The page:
I knew I wouldn’t pass up the opportunity but I was still scared. When I arrived in Rio de Janeiro, I had no idea what to expect. It was my first trip to South America, I didn’t speak any Portuguese, and I only knew my Brazilian supervisor, whom I’d met once before.
After I landed, I was greeted at the airport and taken to UFRJ and then to my apartment in Santa Teresa, an old neighbourhood on a hill. Once I looked out my window and saw the view of the bay and Sugarloaf Mountain, I realized just where I was. It was amazing.
Hailing from the National Autonomous University of Mexico, Daniela is stationed at the University of Saskatchewan for 12 weeks to work alongside Professor Adelaine Leung in the Department of Biomedical Sciences. Her interest in neurocognitive and neurodegenerative diseases paired perfectly with Professor Leung’s research project on depression.
Working alongside Dr. Tim Storr in Simon Fraser University’s Department of Chemistry, Laura and her team of colleagues are screening compounds that bind metals, such as zinc and copper, to look for therapeutic strategies for Alzheimer’s disease. For Laura, the hands-on research and interactive laboratory setting has been a rewarding experience. “Collaborating with my labmates has been truly inspirational. We’re tackling the project from different perspectives and sharing our methods of research.”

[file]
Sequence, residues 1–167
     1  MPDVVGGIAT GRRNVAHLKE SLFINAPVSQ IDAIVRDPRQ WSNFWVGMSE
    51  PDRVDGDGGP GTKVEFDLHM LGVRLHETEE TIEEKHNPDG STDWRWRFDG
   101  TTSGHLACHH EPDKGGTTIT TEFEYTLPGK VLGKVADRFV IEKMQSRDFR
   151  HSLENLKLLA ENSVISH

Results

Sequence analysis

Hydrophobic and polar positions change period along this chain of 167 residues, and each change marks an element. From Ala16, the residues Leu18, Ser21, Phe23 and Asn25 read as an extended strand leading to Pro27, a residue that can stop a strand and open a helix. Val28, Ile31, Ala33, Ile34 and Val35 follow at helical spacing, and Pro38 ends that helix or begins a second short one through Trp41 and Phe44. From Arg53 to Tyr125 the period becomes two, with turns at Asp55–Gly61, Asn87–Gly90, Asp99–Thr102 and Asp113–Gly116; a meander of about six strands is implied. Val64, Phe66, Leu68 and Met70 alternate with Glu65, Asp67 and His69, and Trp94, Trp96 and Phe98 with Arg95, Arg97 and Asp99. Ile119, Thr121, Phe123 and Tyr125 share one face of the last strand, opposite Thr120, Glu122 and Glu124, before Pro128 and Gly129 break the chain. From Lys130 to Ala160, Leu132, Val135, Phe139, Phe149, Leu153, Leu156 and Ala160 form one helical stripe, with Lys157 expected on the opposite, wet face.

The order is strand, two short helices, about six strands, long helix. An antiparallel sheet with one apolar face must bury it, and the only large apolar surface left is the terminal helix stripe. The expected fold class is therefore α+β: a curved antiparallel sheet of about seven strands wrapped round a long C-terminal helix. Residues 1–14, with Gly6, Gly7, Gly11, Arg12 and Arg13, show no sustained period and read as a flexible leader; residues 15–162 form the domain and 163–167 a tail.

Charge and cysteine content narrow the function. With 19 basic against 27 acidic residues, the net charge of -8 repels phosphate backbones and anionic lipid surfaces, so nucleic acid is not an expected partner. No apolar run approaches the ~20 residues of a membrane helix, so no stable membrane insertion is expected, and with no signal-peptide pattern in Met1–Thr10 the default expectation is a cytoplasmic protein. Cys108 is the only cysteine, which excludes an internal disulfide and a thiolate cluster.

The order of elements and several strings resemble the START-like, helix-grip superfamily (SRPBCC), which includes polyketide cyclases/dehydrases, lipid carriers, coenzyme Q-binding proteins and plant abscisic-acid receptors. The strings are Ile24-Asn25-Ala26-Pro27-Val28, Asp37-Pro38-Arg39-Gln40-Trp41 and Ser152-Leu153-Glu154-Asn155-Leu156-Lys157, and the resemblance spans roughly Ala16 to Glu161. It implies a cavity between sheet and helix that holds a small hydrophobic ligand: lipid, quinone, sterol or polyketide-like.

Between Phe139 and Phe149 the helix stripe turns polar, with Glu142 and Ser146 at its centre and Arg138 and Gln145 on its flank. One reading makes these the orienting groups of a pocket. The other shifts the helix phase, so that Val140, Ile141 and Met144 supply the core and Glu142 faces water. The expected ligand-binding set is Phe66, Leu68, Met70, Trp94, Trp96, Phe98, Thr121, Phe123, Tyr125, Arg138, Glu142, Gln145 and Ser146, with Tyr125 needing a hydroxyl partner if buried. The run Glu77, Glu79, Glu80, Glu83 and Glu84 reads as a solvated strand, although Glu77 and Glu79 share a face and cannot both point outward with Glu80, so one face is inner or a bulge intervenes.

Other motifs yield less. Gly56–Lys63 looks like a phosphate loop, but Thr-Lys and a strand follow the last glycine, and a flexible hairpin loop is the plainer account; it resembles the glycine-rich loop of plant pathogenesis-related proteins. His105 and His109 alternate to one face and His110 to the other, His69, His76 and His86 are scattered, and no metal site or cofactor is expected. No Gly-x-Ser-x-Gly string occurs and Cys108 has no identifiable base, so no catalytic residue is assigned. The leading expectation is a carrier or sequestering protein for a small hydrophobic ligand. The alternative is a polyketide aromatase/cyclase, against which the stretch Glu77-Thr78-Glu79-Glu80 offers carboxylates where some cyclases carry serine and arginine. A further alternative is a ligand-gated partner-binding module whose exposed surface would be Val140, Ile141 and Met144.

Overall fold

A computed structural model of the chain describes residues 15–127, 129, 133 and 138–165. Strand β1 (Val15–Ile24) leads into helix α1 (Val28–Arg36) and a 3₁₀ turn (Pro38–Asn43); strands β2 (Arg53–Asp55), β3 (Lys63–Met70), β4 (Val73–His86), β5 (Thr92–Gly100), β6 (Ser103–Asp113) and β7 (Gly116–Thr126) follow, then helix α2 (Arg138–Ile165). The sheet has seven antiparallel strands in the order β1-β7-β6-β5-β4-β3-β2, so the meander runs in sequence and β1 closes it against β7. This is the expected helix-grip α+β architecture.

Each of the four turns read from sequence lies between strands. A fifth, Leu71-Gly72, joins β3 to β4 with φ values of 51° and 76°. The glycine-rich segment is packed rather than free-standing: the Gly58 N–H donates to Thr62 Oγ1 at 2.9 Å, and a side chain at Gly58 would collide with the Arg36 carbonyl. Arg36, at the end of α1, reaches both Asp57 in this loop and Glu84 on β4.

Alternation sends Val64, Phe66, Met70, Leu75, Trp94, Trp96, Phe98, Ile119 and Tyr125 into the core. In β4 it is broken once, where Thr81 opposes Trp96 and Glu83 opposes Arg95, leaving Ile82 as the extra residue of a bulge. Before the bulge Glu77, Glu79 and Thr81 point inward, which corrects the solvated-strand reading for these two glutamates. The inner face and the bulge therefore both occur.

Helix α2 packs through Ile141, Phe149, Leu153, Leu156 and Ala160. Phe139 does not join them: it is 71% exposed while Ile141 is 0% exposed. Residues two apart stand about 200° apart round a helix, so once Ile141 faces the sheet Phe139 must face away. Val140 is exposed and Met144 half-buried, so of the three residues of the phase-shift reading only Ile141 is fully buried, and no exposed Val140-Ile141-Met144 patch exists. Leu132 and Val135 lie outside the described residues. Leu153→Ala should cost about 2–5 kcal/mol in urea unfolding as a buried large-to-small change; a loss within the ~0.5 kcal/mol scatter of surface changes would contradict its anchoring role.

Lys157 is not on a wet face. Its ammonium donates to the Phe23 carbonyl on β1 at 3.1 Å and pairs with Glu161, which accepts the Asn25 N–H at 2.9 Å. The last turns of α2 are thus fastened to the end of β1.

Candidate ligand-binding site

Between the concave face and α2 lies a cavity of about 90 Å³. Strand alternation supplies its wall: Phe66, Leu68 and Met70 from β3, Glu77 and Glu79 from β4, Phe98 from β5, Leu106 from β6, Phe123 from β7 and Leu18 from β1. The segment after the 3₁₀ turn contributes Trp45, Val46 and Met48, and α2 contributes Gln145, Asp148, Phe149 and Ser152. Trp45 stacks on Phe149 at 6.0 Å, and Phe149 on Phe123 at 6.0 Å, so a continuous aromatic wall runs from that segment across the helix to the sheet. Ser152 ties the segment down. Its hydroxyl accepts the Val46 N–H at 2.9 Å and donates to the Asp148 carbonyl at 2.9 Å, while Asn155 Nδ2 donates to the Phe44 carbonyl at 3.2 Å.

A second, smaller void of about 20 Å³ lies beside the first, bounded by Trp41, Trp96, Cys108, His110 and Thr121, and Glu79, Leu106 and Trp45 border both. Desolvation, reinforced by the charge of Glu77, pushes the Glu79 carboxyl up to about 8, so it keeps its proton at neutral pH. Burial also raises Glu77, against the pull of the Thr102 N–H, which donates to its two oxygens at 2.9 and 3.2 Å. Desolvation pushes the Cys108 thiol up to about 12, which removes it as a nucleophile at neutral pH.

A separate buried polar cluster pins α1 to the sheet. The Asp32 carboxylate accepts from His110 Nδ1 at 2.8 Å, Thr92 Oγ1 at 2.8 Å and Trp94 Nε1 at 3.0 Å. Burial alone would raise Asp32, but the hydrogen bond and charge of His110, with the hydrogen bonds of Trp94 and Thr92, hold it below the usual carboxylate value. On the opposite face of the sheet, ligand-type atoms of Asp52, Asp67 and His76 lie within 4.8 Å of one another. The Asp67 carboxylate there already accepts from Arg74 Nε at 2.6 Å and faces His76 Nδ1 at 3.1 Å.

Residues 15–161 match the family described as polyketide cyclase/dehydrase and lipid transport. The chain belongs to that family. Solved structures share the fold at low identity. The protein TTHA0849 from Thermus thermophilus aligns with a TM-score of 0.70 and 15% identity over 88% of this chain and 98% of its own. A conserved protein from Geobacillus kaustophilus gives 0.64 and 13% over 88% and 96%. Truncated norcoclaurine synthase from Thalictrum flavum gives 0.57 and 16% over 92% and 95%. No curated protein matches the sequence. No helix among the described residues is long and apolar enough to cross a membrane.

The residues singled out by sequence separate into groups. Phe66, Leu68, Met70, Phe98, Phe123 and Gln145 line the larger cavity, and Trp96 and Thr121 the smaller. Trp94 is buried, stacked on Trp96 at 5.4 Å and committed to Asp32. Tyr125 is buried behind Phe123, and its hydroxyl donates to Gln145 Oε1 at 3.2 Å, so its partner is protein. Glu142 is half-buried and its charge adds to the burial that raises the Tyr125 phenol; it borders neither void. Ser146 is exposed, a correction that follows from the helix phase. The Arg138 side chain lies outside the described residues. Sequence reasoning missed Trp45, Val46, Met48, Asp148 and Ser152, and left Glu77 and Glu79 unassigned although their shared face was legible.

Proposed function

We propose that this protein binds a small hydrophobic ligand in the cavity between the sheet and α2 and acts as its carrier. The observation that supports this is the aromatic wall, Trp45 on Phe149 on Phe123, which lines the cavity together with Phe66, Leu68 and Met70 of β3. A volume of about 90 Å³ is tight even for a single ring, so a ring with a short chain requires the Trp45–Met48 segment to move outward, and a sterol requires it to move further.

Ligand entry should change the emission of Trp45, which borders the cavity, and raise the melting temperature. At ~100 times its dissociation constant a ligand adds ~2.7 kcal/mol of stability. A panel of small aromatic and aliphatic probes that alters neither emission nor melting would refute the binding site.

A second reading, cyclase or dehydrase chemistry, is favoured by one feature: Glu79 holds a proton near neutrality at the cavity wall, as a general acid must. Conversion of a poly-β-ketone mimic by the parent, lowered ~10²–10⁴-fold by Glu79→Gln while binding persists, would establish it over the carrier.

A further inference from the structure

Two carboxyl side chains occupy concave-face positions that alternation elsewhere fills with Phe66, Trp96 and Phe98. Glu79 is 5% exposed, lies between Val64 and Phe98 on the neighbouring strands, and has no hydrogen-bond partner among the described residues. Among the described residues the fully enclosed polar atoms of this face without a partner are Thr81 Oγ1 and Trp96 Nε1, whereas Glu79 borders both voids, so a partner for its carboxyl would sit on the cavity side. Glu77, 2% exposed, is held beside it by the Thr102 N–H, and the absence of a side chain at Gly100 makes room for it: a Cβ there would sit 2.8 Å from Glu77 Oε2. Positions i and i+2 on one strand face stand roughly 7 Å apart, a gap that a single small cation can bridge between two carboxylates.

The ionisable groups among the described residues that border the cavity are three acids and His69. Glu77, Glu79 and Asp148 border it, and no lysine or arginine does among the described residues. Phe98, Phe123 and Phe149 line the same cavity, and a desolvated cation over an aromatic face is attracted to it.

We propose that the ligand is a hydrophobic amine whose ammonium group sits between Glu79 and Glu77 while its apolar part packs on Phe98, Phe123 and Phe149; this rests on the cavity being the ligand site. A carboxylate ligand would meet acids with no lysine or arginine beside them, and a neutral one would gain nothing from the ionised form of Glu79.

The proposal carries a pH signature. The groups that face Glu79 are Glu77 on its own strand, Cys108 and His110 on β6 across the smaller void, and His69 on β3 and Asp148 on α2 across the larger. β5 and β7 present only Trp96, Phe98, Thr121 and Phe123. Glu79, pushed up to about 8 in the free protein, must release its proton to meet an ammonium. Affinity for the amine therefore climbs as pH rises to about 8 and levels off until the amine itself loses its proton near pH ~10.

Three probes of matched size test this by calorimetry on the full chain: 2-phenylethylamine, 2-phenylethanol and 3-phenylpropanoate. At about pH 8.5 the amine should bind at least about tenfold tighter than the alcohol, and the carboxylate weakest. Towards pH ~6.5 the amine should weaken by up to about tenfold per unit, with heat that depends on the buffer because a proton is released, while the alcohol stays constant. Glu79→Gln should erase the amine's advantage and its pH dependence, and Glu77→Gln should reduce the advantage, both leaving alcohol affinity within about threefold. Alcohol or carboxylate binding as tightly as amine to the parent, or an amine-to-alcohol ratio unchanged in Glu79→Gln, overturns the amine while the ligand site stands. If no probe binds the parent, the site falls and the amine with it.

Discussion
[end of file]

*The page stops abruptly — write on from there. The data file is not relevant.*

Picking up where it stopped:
Marina and Professor Hawboldt are researching an alternative energy source to petroleum that recycles typically discarded natural resources, including forestry residue from sawmills and pulp and paper plants, as well as fish oil from fish processing plants.
Marina is investigating extraction methods to create high-quality fuel from these resources, and this fuel can then be used for cars or as a means to treat waste water.
Alongside Dr. Frank Rudzicz of University of Toronto’s Department of Computer Science, Soumendu is constructing software that will improve the quality of life of individuals with speech disorders.
Using electroencephalography (EEG) signals from patients, Soumendu is collecting data from linguistic centers of the brain and areas involved in motor planning. This data will contribute to the development of tools that will allow patients to communicate via EEG signals by the use of an artificial articulator.
This innovative system will allow for highly controlled quantitative data, which will provide efficient cell migration analysis. The research is important because it reveals the underlying mechanisms behind the process of wound healing and other vital cell functions.
Song’s internship in Canada has provided him with hands-on experience that offered insight into a research field that he intends to pursue in graduate studies.
It is Luis Arvizu’s comprehensive prospective on scientific discovery that brings him to Queen’s University, where he is currently researching under Dr. Myron Szewczuk from the Department of Biomedical and Molecular Sciences. Luis comes from Mexico’s Tec de Monterrey where he is pursuing his undergraduate degree in Engineering and Biotechnology.
Luis’ Globalink research project has him examining the novel use of a drug that inhibits the production and spread of cancer cells to other parts of the body, while making chemotherapy-resistant cells more susceptible to treatment.